A central dust collector with duct, or several ambient air cleaners.

In environments where welding processes are performed, ambient air cleaners work as a secondary system to extract what isn't removed by the primary collection solution.

Pros Cons
An affordable & fast solution. Filter changes can be difficult because these units are installed/ mounted 12-14 feet off the floor.
Cleans ambient air. Operators are exposed to fumes as they pass their breathing zones on the way up.
Best used when parts are very large and source capture is impractical, Ex: trailer manufacturing Not an ideal solution for at-source capturing.

How Big is Your Facility or Workshop?

The type of fume extractor and the number of systems required for your application will vary based on how much floor space and wall space you're working with. Facilities that have machining processes confined to a specific area or have limited floor space may benefit more from a fixed system - while applications, where adaptability is required, may benefit more from a flexible system.


How Much Welding Takes Place?

Based on how many hours per day/month that welding, grinding, or other machining processes take place will determine what type of fume extractor meets your requirements.


If welding is only done occasionally in your workplace, you may prefer lighter portable units that offer flexibility and can easily be stored. If you're working in a facility where welding takes place 8+ hours a day, you may prefer fume extraction systems that provide longer filter lives and are self-cleaning.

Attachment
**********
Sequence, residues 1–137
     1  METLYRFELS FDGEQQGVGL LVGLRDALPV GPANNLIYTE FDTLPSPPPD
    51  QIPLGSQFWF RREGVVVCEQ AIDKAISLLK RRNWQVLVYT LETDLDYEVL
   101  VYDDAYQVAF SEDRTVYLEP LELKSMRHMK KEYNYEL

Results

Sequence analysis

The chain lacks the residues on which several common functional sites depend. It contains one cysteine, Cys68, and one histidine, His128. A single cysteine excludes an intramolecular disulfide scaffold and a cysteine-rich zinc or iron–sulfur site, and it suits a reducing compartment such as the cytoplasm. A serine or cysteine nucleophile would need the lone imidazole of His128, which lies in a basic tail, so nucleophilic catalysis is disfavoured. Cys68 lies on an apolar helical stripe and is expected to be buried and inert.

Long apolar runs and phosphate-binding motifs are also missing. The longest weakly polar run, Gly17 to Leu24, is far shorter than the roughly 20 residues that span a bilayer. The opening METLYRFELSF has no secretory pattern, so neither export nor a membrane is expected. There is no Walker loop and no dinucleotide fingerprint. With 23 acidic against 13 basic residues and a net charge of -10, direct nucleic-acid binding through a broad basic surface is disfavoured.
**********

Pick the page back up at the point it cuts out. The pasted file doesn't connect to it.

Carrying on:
What Regulations Need to Be Met?

Remain current on OSHA, NIOSH, state, and local regulations to ensure that your facility or workshop meets standards.


For example, according to NFPA 484, it is against OSHA standards to utilize a dry downdraft table for combustible dust control (such as Aluminum or Titanium). A wet downdraft table is required in any facility where explosive dust is present.


Does the Filter Meet Your Application Requirements?

It's critical to choose a fume extraction system that comes equipped with a filter that's capable of meeting your application demands. The proper filter configuration prevents issues like frequent filter changes, filter overload, and equipment malfunction.


Does the Fume Extractor Offer Flexibility?

If applications or machining processes involve metals that can create explosive dust, such as aluminum, magnesium, titanium, a wet downdraft table is right for you. To keep combustible dust controlled, it has to be captured at the source.


Is the Fume Extractor User-Friendly?

Flexibility is key in the comfort and efficiency of machine operators. Fume extraction systems that provide smooth articulation are easier to move around work projects, or out of the way when not needed


If you're working in a small space or a shop where machining isn't frequent you might benefit from a portable fume extractor. If you're working in a large facility, or in a facility where machining is frequent, you may be interested in a larger or fixed fume extraction system.


Does the Fume Extractor Meet Your Required Airflow?

Fume extraction systems must meet the CFM requirements of your application. There is a range of things that impact the airflow required by a machining process - for professional assistance, get in touch with our team of experts.


FumeXtractors was developed to combat the health hazards that industrial machine operators are faced with on a daily basis. We offer a dynamic selection of equipment to accommodate facilities where welding, grinding, deburring, cutting, and other machining processes take place, or where explosive dust is present. Protect your work environment with a solution from FumeXtractors!


Welding Fume Extractors